The sheer scale of Mahler’s Symphony no. 6 in A minor and the questions of interpretation it poses to performers are such that I’m surprised it appears on the concert calendar as often as it does – no less than twice in the last 18 months alone by the New York Philharmonic Orchestra under Alan Gilbert.

Alan Gilbert © Chris Lee
Alan Gilbert
© Chris Lee

Since its première in Essen in 1906, the work has been dogged by questions which have been the subject of copious musical scholarship. Which of the inner movements should come first – Andante or Scherzo? How many hammer blows should there be in the finale – two or three? Alan Gilbert decided in favour of Andante then Scherzo, and three blows. Rightly so, I think, as will soon become clear.

The first movement opens with an unmistakeable military march, underscored by the persistent snare drum, which gives way to a lyrical passage on strings apparently depicting his wife Alma, whom the composer is said to associate with relief and redemption. In the Carnegie Hall on Wednesday, the New York Philharmonic was uncharacteristically loud, with a strident tone that bordered on being fractious. There was a sense of anxiety rather than relief in the Alma theme, quite different from the orchestra’s performance in the Lincoln Center in October 2010. I put it down to the acoustics of the Carnegie Hall.

Given the “in your face” nature of the first movement, I was thankful that Alan Gilbert chose the Andante ahead of the Scherzo – to do the opposite would make the inexorable march-like theme almost unbearable. The Andante is a picture of rustic tranquillity rather than anguished lamentation. The heroes are the winds and the horn, to which Mahler gives some handsomely lyrical passages. Despite the continuing dynamic over-representation, fine solo playing was matched by an even orchestral temperament that preserved the movement’s inherent wistful serenity.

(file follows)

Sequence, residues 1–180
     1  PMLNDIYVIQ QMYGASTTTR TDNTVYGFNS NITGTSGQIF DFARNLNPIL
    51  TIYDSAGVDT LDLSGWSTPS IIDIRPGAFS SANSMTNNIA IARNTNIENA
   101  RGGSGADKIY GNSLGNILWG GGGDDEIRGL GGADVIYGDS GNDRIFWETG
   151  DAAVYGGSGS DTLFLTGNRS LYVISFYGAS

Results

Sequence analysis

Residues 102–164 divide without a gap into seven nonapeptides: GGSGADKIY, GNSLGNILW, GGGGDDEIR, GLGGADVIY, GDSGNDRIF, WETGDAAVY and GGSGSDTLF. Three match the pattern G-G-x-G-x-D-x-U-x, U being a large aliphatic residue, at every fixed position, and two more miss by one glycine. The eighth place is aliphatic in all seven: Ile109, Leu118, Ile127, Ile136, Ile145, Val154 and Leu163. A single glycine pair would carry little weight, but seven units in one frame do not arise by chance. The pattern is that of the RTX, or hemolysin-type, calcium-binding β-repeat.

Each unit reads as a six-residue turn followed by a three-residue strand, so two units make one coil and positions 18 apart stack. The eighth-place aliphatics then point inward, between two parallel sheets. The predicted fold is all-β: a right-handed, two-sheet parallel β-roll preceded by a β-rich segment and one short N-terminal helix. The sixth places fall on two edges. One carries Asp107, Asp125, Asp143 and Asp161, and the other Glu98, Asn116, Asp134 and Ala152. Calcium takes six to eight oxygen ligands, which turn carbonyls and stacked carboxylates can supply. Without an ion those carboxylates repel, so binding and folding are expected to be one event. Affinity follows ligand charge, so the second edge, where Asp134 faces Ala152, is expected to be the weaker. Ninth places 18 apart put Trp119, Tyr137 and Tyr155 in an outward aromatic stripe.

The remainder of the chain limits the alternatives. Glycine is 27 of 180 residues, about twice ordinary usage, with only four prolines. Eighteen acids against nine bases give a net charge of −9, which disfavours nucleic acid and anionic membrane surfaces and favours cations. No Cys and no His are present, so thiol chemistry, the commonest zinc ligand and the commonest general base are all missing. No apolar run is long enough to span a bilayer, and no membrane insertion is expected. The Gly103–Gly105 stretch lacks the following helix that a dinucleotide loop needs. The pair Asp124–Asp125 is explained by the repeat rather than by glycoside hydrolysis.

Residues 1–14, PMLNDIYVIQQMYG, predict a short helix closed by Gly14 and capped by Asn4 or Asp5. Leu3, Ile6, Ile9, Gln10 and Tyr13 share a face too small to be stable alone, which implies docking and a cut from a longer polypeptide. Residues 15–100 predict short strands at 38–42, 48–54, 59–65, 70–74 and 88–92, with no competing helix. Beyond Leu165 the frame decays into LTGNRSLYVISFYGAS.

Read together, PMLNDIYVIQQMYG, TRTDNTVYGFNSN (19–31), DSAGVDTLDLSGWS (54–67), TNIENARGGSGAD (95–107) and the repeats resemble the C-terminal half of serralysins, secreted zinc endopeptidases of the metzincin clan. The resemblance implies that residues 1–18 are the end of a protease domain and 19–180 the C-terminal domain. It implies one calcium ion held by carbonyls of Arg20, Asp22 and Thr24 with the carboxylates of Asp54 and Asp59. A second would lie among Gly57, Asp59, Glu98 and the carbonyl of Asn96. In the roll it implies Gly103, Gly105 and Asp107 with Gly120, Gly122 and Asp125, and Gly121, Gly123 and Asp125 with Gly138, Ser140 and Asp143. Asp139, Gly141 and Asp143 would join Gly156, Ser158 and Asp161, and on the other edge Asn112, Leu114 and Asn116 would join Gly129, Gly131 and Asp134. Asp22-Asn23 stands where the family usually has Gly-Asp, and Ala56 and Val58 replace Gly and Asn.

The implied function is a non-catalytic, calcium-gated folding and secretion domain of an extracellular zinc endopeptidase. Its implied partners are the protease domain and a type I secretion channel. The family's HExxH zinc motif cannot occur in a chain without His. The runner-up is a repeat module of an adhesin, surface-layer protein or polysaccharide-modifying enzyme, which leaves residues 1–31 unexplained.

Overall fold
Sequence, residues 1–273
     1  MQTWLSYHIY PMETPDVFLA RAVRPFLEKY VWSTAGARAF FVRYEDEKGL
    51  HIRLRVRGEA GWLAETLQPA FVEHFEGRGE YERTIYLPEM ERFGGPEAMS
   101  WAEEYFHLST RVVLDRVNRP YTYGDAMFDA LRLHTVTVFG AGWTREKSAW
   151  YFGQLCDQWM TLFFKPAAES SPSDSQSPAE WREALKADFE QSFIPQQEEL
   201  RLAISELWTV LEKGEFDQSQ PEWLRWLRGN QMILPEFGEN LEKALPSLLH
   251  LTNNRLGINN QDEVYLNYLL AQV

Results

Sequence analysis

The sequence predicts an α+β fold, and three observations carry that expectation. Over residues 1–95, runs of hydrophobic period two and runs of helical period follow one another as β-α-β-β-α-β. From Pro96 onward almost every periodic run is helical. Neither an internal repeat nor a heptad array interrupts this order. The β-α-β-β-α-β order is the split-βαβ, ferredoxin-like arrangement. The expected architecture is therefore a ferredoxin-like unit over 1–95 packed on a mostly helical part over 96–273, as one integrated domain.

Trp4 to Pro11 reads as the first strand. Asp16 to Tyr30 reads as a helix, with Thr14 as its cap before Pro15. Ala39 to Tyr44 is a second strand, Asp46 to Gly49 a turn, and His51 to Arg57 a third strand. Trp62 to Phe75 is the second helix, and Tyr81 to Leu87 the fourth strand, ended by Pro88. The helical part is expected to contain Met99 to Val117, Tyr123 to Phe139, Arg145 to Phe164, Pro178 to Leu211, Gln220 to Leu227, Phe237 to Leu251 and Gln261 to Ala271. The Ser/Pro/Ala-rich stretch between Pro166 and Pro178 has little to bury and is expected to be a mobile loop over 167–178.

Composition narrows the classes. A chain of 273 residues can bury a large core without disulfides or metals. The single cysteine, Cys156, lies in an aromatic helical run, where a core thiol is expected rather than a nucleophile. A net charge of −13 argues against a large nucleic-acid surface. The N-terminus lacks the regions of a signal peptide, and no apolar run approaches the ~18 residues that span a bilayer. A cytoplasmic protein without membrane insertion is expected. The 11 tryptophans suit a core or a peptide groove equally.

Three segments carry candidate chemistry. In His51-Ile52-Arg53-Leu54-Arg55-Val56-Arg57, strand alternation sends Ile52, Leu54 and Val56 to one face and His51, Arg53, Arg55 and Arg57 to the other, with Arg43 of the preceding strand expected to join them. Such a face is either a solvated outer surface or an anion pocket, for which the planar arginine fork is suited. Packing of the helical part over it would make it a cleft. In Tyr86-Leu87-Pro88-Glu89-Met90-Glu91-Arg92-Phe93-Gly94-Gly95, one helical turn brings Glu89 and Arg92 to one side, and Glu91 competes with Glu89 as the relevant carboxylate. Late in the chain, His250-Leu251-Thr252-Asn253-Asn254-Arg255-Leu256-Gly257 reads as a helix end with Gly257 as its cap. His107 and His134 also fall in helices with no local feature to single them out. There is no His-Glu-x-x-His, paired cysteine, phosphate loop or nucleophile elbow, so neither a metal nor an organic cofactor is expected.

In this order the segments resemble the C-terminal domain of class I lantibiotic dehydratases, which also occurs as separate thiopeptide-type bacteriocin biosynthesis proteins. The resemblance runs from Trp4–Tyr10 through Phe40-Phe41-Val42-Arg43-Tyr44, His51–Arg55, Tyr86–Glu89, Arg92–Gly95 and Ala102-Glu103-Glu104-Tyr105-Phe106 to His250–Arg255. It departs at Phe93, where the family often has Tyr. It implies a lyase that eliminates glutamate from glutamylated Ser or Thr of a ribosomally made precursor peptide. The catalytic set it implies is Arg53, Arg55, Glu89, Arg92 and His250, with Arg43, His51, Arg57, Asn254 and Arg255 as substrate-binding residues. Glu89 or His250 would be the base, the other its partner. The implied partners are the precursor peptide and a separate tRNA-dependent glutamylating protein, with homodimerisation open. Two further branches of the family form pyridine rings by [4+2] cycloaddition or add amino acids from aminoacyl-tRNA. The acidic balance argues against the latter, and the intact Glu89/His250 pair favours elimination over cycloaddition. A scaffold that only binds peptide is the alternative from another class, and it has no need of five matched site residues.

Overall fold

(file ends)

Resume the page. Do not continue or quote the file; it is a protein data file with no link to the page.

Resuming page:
The Scherzo consists of material rhythmically similar to the opening theme in the first movement, but made the more urgent by percussive augmentation at the beginning. By this time the orchestra had moderated its tone and sounded more subdued. The strings and winds engaged in a hopscotch that, with the odd rhythm, sounded light and airy at times. The brass inserted a mocking element to make the story more compelling and the solo violin provided some hit-and-run commentary.

Although the length of the finale is daunting – about half an hour – its musical meaning seems clear. An immediate sense of fear and foreboding from the beginning is unmistakeable. Introduced by a sweep on the harp, the opening theme sounds very much like a truncated derivative of Alma’s theme from the first movement, rudely cut down to size by the brass. With deep sonority of the double basses and the solo horn sometimes crying like a wolf, you could almost convince me that Alfred Hitchcock had a hand in it. A tussle between life-affirming joy and the hands of doom pervades the movement, interrupted by an enchanting interlude of dialogue between solo violin and oboe.

Resilient moments of evocative and glorious triumph are repeatedly struck down, finally defeated by devastating hammer blows. In the words of his wife Alma Mahler: “It is the hero, on whom fall three blows of fate, the last of which fells him as a tree is felled.” The original score had three hammer blows, but Mahler, role-substituting himself as the hero, removed the third in a revised version after the first performance, fearing that he might be tempting providence to seal his own fate.

Alan Gilbert and the New York Philharmonic chose to perform all three blows, heart-sinking thuds that brought a strong sense of finality. After the last blow the strings fell silent and left the action to the brass and winds, which spiralled into nothingness until the full orchestra put the nail in the coffin with a last burst in unison.

Mahler’s Sixth Symphony is a behemoth, physically and emotionally demanding to perform, but if done right should be a cleansing musical experience which leaves the audience exclaiming that by Jove it’s good to be alive. Kudos to Alan Gilbert and the New York Philharmonic for achieving this.